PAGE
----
** Please refer to your local vet before making any decisions
The key to effectively dealing with dog arthritis lies in the appropriate proportioning of vet-prescribed chondroitin and glucosamine. While dosage will vary from one dog to another according to the extent of the condition, the standard dosage stands at about 20 mg per pound of body weight for glucosamine sulfate.
For tablet alternatives though, the general rule of thumb is one 500 mg tablet for every 25 pounds. Consequently, dogs spanning body weights of 25 lbs. (or less) and between 25-50 lbs. need one and two tables respectively.
On, the other hand, those on the high side of the extremes- i.e. between 51-75 lbs.- will require three while those above that range will need one more than the aforementioned. Dosage progressively decreases as the health of the dog improves so while intake levels might be high at the beginning, the ideal dosage amount dwindles with time.
Glucosamine hydrochloric, glucosamine potassium chloride and glucosamine sulfate are the most popular variations of the compound and they are available across drug stores. This presents the dilemma of determining which one is best suited for your furry companion which you can establish by paying attention to the ingredient breakdown.
Also, the rice per day’ is an important factor that you should have at the back of your mind and it simply involves calculating the expense of daily dosage using the total quantity and dosage requirements. NaCl (sodium chloride) and 2KCL glucosamine options are prevalent in low-cost discount stores however avoid them like the plague as they have as much to offer in quality as they do in cost.
With regards to the matter of the right ingredients, Chondroitin Sulfate (400 mg) and Glucosamine Hydrochloride (500 mg) are often the go-to for excellence across different brands. It’s quite common that tablets imbued with the preceding elements contain mineral and vitamin accompaniments such as vitamin C- which is especially common- among others.
Dog-friendly supplements are a great tool for any canine companion with dietary and health issues. One option that is popular with senior dogs in glucosamine. However, there are also dog owners embracing the potential of glucosamine for puppies. Why is this so popular and is glucosamine safe for puppies? *Always speak to your local vet before taking any health actions from any site including this one.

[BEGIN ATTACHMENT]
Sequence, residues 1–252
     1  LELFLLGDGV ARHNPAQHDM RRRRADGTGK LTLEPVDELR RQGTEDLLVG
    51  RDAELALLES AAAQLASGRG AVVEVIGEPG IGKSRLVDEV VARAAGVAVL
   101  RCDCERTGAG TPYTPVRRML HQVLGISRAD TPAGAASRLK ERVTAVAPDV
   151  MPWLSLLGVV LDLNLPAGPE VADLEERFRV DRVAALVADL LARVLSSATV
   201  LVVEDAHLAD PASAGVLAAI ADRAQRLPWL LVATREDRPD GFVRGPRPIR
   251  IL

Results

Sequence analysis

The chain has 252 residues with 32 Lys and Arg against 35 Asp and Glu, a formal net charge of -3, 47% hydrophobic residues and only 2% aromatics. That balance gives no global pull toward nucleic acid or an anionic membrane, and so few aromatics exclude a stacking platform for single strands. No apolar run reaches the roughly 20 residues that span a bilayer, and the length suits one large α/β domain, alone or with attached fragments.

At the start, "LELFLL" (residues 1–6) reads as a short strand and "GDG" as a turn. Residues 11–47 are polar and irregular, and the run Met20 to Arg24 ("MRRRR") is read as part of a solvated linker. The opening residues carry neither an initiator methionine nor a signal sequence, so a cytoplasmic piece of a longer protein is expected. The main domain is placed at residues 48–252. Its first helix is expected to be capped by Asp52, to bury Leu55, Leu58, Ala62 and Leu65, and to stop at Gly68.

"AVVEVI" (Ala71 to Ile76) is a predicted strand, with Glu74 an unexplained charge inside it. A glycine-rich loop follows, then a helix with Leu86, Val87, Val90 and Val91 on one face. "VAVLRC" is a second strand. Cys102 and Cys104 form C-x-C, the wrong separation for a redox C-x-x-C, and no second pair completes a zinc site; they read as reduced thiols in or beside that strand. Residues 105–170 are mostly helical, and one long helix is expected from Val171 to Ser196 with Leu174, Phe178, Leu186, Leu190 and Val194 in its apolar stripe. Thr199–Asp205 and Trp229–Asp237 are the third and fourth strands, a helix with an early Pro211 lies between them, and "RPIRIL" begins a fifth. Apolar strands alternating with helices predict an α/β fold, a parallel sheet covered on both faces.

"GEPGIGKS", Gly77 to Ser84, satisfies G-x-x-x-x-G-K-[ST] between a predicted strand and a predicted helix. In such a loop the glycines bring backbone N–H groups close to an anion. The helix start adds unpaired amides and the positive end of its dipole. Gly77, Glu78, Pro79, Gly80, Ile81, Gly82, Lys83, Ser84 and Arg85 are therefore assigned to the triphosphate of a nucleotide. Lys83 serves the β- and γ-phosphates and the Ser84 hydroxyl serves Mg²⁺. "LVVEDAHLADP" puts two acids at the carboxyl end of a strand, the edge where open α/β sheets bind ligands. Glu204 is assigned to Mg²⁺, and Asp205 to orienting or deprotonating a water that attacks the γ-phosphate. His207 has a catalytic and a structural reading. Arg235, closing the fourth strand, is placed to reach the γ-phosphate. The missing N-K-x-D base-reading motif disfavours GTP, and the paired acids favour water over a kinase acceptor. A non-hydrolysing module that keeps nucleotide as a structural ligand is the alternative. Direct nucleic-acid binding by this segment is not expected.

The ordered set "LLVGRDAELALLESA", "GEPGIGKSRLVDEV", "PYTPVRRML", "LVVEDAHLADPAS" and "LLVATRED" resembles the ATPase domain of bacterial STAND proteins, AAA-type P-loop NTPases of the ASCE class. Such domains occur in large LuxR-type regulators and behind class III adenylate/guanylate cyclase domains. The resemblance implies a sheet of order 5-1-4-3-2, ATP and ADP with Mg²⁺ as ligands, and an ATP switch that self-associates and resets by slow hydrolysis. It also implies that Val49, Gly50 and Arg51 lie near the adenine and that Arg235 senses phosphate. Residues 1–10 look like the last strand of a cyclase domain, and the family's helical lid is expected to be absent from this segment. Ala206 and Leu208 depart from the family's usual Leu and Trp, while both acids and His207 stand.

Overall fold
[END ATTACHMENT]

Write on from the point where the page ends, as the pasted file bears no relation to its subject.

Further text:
What is glucosamine?
First of all, don’t be scared by the name. This is a completely natural substance that your dog should produce naturally. Supplementation simply corrects deficiencies or helps with any related health issues. The natural form is a liquid found within the joints that acts as a lubricant. Without it, joints would rub and cause pain and damage over time. There is also a benefit of shock absorption during high impact activity.
Why might your dog benefit from glucosamine for puppies?
Dog owners often think of glucosamine as a supplement for later life. Many dogs suffer from joint issues as they get older. This can be a hereditary part of their breed heritage and includes knee problems and hip dysplasia. Owners add glucosamine to their dog’s diet to address the pain of arthritis and the loss of fluid over time.
The problem here is that you are treating the symptoms of hip degeneration rather than trying to prevent it. Puppy glucosamine supplementation could help to ensure that these joints stay healthier for longer. An improved shock absorption system in the joints is also perfect for puppies learning their limitation as they run and play. Also, remember that supplements with added chondroitin can offer even more protection.
Is glucosamine safe for puppies?
It is understandable if you are concerned about using supplements with small dogs. The idea of forcing a puppy to take a pill is pleasant for all concerned. However, the good news here is that there are alternative forms of glucosamine for pups that are far more advantageous. Some dogs have been known to enjoy the taste of the chewable wafers. If not, you can always mix a powder into wet food or liquid drops in water bowls. Find the solution that works for your pet. A related product is Antinol. You can read a review for Antinol here.
If in doubt, talk to your vet.
If you have any concerns about the joint health, diet and/or supplement regime of your pup, always consult a vet. They can provide a full examination of any condition and give further advice on your options. If they approve the use of glucosamine for dogs you can start to protect your pet’s joints for the future.